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Kofo Wonder

Kofo "The Wonderman" & The Daylight Stars are the most exciting Afro-Beat act on the market and are ready to take the world by storm. Led by talking drum master, Kofo "The Wonderman", the resulting music is a fiery cauldron of Afro-Beat sound that bridges Afro-Beat, JUJU and traditional music from Lagos, Nigeria with funk, soul and jazz. Kofo pays homage to the masters Fela and King Sunny Ade by carrying the music in a bold and daring new direction. This is especially evident on their brand new CD 'Message 102' produced by Femi Ojetunde. Writes Ayodapo Osinibi of Mulattapop Records about the new release

'Living in New York City and playing with musicians from a plethora of musical traditions and genres has brought out the musical explorer in Kofo Wonder.

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His two previous releases were notable for their exciting fusion of Jazz, Gospel and R’nB mixed in with his heritage music. However, nobody could have predicted this new exploration into the the edgier side of Americana. We are talking here of the Southern/Roots Rock style of Lynyrd Skynyrd, The Eagles and The Allman Bros. And it does not end there. At the risk of raising the ire of music fans, critics and purists alike, he has given us his version of the Jimi Hendrix’s staple “Hey Joe”, while simultaneously channelling Johnny ‘Cougar’ Mellencamp.'

Kofo "The Wonderman" is a master talking-drummer, an innovator and singer/composer. He is a direct descendant of master musicians of traditional arts and cultures of the Yoruba people of Nigeria.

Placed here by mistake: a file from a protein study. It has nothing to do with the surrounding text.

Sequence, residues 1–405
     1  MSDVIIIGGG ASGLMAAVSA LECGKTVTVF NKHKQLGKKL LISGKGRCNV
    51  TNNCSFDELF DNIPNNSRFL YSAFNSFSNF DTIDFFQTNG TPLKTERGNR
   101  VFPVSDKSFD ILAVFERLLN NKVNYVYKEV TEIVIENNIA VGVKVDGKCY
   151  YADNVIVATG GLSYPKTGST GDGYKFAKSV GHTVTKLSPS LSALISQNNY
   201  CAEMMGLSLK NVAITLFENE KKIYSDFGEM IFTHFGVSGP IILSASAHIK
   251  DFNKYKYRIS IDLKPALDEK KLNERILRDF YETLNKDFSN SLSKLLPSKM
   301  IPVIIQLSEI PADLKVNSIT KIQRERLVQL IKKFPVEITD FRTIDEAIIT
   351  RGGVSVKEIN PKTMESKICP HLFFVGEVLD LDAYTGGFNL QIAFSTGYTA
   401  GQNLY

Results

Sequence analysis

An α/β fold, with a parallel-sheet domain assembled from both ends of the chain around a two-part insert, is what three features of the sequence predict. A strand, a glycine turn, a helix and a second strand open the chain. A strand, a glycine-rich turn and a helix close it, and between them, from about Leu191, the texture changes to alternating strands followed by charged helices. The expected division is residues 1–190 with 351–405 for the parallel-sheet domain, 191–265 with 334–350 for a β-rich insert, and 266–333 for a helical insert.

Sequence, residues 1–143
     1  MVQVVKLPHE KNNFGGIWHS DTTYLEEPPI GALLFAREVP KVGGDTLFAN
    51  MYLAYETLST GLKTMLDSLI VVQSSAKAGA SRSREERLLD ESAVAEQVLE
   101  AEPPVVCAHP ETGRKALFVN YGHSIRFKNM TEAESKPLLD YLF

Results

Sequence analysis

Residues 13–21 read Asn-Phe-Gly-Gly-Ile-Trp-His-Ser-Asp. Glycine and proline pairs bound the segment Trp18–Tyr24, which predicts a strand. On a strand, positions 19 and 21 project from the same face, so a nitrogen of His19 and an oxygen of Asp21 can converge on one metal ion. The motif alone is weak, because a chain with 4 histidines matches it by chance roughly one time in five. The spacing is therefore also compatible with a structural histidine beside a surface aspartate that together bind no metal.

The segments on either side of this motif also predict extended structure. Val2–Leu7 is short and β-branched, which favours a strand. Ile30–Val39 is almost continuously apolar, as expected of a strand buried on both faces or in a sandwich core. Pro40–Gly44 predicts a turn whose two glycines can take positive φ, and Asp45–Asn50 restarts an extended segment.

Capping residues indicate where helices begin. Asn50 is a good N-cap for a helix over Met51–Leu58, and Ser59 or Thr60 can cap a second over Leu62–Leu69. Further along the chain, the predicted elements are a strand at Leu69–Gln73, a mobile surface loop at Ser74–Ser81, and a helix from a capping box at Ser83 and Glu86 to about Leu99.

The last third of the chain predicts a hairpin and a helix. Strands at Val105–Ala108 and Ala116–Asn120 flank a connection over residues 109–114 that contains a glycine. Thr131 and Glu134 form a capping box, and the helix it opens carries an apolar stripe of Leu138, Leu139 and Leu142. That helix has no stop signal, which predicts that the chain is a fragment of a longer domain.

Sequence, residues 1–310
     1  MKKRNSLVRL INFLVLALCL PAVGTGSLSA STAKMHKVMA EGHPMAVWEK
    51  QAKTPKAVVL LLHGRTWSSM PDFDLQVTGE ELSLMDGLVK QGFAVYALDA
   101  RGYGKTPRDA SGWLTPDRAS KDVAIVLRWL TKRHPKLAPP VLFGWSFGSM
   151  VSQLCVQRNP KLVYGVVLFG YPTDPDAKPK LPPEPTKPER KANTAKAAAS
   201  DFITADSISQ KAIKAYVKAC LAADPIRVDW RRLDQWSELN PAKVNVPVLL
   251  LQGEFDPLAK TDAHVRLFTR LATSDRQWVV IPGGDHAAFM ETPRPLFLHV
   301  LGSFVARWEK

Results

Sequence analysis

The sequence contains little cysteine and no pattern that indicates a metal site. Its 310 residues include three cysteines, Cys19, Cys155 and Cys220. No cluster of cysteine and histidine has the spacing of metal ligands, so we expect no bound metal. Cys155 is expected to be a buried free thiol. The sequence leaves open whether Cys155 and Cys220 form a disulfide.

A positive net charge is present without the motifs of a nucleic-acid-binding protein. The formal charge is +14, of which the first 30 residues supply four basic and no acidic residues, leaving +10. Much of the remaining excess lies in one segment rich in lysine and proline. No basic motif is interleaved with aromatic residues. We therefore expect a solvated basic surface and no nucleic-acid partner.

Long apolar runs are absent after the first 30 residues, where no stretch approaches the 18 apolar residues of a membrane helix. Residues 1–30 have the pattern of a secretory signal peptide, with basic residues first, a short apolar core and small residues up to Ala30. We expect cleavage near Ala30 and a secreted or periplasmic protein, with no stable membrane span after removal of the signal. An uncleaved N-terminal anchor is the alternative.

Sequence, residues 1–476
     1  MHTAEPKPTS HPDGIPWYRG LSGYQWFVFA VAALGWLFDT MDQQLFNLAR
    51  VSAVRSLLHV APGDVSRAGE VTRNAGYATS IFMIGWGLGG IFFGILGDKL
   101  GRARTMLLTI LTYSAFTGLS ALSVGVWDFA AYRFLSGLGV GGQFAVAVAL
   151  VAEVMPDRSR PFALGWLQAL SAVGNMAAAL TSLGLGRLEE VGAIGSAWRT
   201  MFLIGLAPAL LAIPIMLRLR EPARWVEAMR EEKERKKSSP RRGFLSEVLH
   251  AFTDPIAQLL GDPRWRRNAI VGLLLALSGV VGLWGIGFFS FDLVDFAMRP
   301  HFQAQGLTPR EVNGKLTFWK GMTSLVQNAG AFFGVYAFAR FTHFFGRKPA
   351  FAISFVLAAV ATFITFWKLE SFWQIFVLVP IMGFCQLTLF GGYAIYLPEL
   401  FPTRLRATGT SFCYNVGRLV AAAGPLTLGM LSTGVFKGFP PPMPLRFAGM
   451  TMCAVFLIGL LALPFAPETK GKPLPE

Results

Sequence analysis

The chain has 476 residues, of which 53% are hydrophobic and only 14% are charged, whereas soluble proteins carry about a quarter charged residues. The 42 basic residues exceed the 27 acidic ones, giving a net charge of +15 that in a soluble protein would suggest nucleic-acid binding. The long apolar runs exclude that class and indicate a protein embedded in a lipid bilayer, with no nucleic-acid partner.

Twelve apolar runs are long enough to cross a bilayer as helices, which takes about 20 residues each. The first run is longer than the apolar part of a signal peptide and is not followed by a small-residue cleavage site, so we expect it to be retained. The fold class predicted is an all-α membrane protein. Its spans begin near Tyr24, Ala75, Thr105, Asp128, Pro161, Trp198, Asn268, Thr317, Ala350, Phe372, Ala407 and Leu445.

Since 2014 Kofo has been performing with David Byrne and the Atomic Bomb! Band playing the music of Nigerian funk musician William Onyeabor with appearances at New York's Summer Stage, BAM and touring the West Coast and Australia. Previously, as a member of Prisoners of Conscience, Kofo has toured and performed on the same bill with such pop luminaries as Tracy Chapman, Burning Spear and Jimmy Cliff. He has also appeared with his group (Prisioners of Conscience) as a guest artist on David Letterman's "The Late Night" show. Kofo earned his nickname "The Wonderman," because he is one of the world's foremost talking drum players. Hailing from a family whose roots are in percussion, Kofo has collaborated with such greats as Babatunde Olatunji and Little Steven of Bruce Springsteen fame. He was also one of the pivotal forces behind Majek Fashek's stellar "Sprit of Love" released by Interscope Records in 1991 and led a group of 12 talking drummers in a Performance at the Alice Tully Hall in Lincoln Center during the Spirit of the Drum Badanya '99.

Over the years Kofo has taken his mastery of the talking drum to new levels. He actually plays chords with his talking drum, can run an entire scale with his instrument and as a result has been renowned for his unique style and playing. As a band leader, Kofo is uniquely in tune with the rhythm and structure of his compositions. Rarely in African music does one find a percussionist fronting a group. The result is that there is a unique communication taking place between band members and the percussionist band leader.

Band leader Kofo explains: "If you were to see stars in the sky in broad daylight, you would be shocked, scared, intrigued and excited at once…The same variety of emotions that you will have when you witness our group, The Daylight Stars, perform."

The Daylight Stars, a band that has backed Kofo in this configuration for nearly a decade, have collectively worked with some of the biggest names in music business today including Sting, Chaka Khan, Harry Belafonte, Barbara Streisand, Richard Bona, Ziggy Marley and Angélique Kidjo to name a few.